BOSTON — Police pinned down the Boston Marathon terror suspect in a small boat in a suburban Watertown backyard Friday night, exchanging gunfire before bringing him out wounded but alive, ending a day-long massive manhunt.
"We got him," tweeted Boston Mayor Thomas Manino.
The capture occurred soon after authorities held a news conference to announce the suspect, 19-year-old Dzhokhar A. Tsarnaev, had eluded the dragnet operation launched when he fled from a police shootout late Thursday night.
His older brother, Tamerlan Tsarnaev, 26, also a suspect, died in the shootout that featured 200 rounds of gunfire and the tossing of homemade pipe bombs at police.
The bloody, chaotic drama unfolded after the FBI late Thursday afternoon released video and photo images of the suspects from a surveillance camera at the marathon finish line sites where two bombs exloded Monday, killing three and wounding 176, many gravely.
Heavily-armed police surrounded the suspect in the backyard boat, convincing him to surrender. Bomb squads were called in to make sure he was not carrying a hidden bomb. Once police were sure that wasn't the case, he was handcuffed and taken into custody.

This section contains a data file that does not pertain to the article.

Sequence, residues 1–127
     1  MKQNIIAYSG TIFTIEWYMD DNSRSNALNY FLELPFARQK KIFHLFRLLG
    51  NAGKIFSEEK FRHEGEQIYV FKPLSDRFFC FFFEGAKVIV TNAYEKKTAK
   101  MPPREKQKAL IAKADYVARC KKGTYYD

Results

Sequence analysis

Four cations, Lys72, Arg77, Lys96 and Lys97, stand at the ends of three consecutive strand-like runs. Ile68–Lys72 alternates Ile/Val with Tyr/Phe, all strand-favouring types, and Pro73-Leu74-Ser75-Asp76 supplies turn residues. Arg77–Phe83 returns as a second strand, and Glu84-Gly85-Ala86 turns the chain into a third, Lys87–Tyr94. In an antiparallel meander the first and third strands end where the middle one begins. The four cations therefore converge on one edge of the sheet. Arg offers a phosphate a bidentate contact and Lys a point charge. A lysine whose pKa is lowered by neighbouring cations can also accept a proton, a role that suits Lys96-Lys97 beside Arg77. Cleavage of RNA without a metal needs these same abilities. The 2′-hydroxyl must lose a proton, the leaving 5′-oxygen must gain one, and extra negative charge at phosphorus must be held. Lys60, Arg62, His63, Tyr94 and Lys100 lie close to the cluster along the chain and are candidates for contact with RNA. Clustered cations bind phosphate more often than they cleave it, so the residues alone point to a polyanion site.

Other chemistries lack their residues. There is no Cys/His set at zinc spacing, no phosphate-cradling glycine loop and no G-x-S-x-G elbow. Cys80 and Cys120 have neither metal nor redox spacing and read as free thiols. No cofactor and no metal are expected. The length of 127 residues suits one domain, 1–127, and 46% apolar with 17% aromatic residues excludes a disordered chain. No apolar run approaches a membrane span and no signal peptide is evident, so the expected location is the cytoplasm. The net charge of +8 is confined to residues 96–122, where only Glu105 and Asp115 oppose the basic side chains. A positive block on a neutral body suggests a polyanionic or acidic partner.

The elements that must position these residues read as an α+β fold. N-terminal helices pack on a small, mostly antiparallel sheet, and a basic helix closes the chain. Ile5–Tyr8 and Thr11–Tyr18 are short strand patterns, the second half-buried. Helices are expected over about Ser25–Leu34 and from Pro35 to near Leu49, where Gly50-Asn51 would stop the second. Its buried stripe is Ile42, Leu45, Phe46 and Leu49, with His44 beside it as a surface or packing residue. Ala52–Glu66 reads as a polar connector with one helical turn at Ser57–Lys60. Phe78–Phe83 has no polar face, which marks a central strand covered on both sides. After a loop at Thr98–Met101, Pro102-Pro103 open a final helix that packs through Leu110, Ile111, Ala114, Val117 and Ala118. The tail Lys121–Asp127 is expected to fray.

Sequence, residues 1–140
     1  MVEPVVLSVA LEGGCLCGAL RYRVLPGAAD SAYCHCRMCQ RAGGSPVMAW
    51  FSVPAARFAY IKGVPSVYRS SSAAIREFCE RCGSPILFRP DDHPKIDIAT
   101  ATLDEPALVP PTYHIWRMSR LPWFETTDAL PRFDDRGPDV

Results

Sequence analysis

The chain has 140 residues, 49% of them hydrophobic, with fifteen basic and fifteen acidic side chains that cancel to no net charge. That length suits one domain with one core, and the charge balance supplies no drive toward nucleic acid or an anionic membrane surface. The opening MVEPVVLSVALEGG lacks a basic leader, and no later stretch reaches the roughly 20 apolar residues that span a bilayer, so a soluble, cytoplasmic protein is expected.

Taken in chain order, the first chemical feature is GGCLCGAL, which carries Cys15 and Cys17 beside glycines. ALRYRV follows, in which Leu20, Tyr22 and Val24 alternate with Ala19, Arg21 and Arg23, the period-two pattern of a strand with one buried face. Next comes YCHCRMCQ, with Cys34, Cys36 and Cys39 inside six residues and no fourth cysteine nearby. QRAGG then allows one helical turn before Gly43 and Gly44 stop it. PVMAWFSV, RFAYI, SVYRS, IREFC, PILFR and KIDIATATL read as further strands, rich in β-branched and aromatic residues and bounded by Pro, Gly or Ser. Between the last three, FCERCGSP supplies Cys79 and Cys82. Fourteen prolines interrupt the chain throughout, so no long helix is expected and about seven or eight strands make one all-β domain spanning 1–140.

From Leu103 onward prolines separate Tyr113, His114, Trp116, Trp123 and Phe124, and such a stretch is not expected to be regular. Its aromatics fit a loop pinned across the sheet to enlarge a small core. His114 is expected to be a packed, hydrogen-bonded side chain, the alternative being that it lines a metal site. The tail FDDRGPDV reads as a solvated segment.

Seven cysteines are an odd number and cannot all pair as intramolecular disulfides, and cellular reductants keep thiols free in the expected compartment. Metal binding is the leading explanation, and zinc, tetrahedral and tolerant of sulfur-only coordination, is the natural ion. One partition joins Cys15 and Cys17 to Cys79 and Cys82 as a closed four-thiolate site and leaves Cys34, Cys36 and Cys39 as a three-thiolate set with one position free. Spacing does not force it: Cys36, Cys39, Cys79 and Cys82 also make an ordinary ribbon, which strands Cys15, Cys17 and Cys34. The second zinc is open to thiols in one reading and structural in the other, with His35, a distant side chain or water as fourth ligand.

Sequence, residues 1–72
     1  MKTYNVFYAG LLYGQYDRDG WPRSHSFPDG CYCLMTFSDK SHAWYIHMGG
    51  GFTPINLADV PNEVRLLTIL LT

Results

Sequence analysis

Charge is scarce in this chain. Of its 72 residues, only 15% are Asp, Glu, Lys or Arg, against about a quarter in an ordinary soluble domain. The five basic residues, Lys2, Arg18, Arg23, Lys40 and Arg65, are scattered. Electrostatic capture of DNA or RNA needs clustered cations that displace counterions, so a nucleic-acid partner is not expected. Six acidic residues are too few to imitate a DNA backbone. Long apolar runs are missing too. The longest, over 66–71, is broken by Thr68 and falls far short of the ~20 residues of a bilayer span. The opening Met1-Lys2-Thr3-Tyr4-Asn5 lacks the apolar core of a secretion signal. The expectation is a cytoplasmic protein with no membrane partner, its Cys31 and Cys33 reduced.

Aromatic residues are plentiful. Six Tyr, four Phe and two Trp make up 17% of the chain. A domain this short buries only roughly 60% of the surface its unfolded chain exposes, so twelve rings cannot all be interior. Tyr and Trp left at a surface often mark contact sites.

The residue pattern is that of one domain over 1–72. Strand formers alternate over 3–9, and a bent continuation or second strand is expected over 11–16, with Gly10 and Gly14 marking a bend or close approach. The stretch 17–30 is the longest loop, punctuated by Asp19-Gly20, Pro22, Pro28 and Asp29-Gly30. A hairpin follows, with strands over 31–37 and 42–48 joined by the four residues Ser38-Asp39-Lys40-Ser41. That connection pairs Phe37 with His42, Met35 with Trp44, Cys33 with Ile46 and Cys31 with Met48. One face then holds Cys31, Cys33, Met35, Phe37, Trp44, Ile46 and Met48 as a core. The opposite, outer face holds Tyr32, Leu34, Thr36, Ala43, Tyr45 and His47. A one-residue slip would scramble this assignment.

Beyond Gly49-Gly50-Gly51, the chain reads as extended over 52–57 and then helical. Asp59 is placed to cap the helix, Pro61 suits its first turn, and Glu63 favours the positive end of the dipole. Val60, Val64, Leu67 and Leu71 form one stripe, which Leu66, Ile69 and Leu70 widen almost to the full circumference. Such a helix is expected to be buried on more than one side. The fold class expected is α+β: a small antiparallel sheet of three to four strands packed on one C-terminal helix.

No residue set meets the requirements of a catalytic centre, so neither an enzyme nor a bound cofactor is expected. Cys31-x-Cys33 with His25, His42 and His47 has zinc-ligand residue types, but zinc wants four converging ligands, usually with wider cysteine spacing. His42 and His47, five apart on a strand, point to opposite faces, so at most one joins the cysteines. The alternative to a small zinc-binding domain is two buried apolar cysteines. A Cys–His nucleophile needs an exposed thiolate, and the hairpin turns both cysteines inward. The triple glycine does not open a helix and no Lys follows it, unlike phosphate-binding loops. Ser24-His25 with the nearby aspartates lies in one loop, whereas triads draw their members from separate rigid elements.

Authorities said he was covered in blood when he emerged from the boat.
Officials lifted an emergency lockdown of metropolitan Boston at 6 p.m. Friday, 18 hours after it was imposed to protect the public safety. Thousands of residents were told to stay in their homes and lock their doors.
The announcement allowed businesses to reopen and subways, taxis, commuter trains and buses to roll. They had been closed down throughout the day, turning Boston into a ghost city on a day when streets are normally choked with traffic and sidewalks with shoppers.
State Police Col. Timothy Alben told a news conference shortly before the suspect's capture that a door-to-door search for him in a 20-block neighborhood of Watertown on the western edge of Boston had been fruitless.